‘Tourist saturated’ Lanzarote hints at plan to limit visitors from United Kingdom
The Spanish island of Lanzarote wants fewer British tourists.
The popular holiday destination in the Canary Island has declared itself a “tourist-saturated area” and is now considering ways to limit the number of UK visitors it receives.
The new strategy is a bid to “reduce dependence on the British market”.
More than 50 per cent of visitors to the Island currently come from the United Kingdom. Some of these tourists have a reputation for rowdy behaviour.
Overcrowding is an existential threat to the island, said Lanzarote’s President María Dolores Corujo.
“We are going to continue to promote the debate on the limits to growth even though they try to gag us with the ghost of fear of damage to the image of Lanzarote,” she insisted.
The local opposition party has condemned the plan which they claim will drive prices up for locals and devastate the local economy.
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How is the island planning to prevent overtourism?
The plan has a clear intention - reducing the number of British holidaymakers.
However, authorities haven’t hammered out details on how this will be achieved.
There is no detail of an official ‘limit’ yet, but the council website indicates that the tourism authorities will soon start targeting marketing toward other European countries.
"In Madrid, we once again highlighted our firm commitment to sustainability and excellence, and this also means aspiring to receive fewer tourists, with more spending at the destination so that they generate greater wealth in the economy as a whole,” a statement on the council website reads.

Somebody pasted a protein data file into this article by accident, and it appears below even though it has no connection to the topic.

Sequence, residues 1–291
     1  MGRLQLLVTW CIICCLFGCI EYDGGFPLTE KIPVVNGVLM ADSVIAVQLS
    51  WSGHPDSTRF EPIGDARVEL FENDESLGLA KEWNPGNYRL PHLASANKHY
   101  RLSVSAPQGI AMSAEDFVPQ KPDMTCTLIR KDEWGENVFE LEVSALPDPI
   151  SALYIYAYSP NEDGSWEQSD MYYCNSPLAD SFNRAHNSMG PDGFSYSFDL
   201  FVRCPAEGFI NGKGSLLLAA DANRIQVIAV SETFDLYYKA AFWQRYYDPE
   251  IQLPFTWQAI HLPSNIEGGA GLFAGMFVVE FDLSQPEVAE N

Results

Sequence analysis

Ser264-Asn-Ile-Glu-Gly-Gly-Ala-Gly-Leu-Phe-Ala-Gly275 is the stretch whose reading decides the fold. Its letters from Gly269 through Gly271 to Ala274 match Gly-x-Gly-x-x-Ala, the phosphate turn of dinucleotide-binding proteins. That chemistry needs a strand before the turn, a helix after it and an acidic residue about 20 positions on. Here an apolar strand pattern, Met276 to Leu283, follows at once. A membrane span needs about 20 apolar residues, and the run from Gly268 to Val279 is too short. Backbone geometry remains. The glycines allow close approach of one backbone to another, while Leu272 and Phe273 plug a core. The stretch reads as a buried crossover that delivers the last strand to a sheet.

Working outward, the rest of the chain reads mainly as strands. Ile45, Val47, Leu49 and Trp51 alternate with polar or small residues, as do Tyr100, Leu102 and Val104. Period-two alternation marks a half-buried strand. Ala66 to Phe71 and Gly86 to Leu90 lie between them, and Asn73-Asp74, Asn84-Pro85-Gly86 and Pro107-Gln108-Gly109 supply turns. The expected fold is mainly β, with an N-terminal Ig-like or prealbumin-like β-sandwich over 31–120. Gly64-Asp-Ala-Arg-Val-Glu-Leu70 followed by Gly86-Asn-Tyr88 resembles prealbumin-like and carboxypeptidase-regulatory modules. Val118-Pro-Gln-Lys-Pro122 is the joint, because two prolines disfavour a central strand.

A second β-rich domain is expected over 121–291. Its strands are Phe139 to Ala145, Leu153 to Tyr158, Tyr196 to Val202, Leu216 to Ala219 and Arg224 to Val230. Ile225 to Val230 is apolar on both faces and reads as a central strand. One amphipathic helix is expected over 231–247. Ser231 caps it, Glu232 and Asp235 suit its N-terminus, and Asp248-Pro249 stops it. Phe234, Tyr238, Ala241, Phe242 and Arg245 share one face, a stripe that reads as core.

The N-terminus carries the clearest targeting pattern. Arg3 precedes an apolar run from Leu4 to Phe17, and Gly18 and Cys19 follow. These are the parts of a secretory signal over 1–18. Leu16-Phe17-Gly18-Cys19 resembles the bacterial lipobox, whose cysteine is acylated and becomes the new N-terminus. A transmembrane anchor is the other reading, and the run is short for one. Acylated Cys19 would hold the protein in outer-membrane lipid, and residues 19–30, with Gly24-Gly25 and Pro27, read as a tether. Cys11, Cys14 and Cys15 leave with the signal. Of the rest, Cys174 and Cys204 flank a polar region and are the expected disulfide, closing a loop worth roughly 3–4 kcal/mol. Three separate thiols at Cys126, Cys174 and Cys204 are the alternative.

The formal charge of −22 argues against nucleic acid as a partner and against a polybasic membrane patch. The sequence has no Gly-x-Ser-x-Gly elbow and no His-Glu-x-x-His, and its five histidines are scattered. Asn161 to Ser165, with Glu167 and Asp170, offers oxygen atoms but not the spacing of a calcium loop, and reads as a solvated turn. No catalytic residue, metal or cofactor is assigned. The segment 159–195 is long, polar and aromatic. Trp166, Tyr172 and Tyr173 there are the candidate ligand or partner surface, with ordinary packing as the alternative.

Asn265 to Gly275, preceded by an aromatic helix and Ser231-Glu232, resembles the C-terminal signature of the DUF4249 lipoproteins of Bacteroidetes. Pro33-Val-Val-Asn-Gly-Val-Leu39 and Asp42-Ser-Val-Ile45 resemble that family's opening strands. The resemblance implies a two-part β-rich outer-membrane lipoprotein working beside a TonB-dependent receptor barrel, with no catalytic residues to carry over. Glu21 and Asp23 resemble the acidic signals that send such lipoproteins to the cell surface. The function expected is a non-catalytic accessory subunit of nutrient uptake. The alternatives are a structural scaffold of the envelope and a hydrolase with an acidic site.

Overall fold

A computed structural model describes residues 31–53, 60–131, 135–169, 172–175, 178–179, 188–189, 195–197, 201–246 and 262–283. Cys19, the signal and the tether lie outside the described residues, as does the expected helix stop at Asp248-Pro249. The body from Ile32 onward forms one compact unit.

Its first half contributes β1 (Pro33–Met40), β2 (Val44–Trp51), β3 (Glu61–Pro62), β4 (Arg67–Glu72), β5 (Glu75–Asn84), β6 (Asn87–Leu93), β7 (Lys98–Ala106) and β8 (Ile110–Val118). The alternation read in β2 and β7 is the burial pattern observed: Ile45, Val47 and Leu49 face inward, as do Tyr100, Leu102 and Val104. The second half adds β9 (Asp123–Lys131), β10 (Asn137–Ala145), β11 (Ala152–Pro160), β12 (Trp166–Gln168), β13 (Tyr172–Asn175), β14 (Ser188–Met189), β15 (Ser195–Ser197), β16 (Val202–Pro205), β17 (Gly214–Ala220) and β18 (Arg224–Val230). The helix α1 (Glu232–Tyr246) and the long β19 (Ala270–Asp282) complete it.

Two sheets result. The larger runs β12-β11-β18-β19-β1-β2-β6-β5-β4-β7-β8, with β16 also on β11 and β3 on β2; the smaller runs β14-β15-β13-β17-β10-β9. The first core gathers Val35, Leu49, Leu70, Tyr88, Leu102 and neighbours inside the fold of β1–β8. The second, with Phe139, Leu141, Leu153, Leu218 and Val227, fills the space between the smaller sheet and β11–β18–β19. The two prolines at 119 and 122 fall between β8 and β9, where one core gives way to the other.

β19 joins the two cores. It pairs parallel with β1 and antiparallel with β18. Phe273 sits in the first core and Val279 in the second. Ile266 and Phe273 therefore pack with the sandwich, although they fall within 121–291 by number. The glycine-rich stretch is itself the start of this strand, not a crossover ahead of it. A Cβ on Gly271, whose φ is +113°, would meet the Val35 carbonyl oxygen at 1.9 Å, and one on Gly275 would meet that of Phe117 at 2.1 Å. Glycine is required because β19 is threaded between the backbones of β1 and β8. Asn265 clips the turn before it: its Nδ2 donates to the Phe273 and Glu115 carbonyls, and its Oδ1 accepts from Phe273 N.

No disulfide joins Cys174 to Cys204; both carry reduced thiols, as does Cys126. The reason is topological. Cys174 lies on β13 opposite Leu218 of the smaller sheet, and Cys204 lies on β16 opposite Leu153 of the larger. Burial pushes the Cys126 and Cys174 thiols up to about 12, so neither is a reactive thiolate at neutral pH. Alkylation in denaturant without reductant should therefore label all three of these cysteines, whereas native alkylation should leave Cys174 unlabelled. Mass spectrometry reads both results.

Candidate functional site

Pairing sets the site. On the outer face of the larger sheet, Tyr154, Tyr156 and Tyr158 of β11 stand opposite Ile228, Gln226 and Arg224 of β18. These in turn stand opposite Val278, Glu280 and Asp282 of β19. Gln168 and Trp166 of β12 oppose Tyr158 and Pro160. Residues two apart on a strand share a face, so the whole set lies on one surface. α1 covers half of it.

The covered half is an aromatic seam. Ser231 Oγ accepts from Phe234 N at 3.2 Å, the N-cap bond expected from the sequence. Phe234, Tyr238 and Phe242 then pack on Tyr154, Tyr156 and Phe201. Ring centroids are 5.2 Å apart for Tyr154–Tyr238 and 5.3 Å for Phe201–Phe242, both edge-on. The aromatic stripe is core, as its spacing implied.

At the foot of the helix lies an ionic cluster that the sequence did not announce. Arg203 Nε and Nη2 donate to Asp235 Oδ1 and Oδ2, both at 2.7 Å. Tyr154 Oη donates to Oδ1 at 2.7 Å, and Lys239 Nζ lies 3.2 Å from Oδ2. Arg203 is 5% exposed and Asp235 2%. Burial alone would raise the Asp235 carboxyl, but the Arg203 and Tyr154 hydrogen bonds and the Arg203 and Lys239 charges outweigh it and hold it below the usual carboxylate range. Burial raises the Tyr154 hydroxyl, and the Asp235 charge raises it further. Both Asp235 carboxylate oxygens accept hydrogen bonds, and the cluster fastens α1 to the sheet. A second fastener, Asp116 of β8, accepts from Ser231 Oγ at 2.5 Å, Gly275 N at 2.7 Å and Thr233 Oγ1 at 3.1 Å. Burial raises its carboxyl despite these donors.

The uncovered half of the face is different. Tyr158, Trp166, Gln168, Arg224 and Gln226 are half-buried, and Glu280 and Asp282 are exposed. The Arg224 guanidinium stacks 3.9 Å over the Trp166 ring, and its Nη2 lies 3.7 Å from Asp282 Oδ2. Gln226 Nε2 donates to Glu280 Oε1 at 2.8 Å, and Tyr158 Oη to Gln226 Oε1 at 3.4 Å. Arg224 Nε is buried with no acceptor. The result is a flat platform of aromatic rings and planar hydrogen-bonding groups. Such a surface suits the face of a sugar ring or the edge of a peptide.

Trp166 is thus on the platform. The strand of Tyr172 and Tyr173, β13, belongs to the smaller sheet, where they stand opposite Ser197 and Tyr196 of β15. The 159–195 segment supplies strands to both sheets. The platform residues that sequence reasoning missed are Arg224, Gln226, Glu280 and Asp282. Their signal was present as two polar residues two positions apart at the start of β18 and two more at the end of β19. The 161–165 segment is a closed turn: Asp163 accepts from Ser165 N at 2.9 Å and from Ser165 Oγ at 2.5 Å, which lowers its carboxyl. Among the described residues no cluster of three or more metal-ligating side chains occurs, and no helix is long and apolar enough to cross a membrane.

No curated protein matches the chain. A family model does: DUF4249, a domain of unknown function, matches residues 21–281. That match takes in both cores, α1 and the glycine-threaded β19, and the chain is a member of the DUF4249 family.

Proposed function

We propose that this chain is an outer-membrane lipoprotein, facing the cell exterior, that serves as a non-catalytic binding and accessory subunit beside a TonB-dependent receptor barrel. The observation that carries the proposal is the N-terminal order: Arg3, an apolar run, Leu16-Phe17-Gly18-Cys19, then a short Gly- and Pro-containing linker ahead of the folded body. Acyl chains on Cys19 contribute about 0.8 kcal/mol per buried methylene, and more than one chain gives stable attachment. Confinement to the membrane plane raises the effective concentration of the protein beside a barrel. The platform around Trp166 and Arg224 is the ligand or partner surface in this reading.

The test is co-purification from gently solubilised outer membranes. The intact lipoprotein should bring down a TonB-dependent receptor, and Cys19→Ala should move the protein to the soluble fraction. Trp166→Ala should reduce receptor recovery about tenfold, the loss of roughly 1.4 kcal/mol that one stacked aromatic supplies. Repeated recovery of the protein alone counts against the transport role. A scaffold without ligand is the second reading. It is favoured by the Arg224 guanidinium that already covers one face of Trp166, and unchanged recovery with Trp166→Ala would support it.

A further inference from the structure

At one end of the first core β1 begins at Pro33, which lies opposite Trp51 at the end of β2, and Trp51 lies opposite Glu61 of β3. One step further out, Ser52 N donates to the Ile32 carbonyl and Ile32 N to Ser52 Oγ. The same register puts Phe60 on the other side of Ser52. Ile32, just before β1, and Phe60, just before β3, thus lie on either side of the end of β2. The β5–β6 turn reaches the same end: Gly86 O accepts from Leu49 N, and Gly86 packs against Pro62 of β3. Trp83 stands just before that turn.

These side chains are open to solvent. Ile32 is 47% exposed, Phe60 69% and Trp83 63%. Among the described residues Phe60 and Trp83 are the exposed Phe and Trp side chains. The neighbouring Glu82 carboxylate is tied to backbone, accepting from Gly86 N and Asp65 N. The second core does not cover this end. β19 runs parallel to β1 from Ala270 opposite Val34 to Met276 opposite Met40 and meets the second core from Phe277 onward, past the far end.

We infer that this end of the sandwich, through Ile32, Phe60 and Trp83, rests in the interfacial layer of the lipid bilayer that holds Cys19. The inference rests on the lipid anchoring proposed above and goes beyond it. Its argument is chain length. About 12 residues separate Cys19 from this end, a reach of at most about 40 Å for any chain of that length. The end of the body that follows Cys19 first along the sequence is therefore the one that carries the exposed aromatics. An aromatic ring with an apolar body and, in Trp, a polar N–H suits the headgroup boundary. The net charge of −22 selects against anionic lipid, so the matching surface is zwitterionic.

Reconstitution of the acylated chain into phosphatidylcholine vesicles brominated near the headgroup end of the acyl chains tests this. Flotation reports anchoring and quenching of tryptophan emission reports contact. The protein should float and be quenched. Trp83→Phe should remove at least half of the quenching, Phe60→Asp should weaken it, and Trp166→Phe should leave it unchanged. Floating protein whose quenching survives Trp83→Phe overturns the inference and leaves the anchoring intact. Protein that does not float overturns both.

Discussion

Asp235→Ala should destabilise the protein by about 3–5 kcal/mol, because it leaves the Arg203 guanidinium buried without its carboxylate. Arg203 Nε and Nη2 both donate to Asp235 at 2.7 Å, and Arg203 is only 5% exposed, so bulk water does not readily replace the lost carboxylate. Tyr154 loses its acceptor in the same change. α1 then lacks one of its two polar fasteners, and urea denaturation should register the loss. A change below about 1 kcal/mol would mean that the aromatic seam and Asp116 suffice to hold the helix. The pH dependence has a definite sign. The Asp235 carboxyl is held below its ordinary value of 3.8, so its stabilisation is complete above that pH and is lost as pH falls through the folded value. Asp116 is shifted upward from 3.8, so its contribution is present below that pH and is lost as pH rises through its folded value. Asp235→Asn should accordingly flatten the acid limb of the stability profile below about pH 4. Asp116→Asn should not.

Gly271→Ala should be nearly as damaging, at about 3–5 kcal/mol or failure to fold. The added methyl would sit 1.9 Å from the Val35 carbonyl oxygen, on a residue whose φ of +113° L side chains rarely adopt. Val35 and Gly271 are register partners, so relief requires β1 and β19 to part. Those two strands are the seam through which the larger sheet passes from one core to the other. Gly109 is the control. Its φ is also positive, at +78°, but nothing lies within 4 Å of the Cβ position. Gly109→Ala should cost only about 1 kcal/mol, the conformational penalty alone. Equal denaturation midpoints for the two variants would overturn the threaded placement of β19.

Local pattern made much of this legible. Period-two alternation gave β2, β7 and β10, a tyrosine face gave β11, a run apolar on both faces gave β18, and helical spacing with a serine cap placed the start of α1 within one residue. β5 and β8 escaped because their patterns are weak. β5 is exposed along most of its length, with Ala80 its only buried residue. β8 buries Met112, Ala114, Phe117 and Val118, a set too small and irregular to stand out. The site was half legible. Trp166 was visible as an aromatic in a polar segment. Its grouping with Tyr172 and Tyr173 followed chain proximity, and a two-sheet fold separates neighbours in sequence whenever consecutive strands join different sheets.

"That growth is expected in French, Italian, Netherlands or mainland Spain markets and we hope that it will continue to have a direct impact on the increase in tourist spending in the destination."
Which other Spanish destinations are limiting overtourism?
Lanzarote is the latest of several Spanish islands to express dissatisfaction with high numbers of tourists.
Last month, the government of the Balearic Islands - an archipelago which includes Mallorca, Menorca, and Ibiza - announced plans to cap tourist numbers.
In 2022, more than 16 million holidaymakers visited the islands. Officials have indicated that this will be the ‘absolute ceiling’ in future.
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"The number of visits reached this year is a maximum that should not be exceeded but should tend to decrease. There must be a clear trend towards the reduction of tourist places,” said Balearic Islands tourism minister Iago Negueruela
The islands were historically hotspots for so-called ‘party tourism.’
But last year, authorities imposed tough regulations targeting drunken revellers.
Many all-inclusive resorts in Magaluf, El Arenal and Ibiza imposed a drink limit.
New rules also banned happy hours, pub crawls, two-for-one drink offers, and the sale of alcohol in shops between 9:30pm and 8am.
Playa de Palma - one of Mallorca’s most popular party resorts - banned people from wearing football shirts in restaurants as well.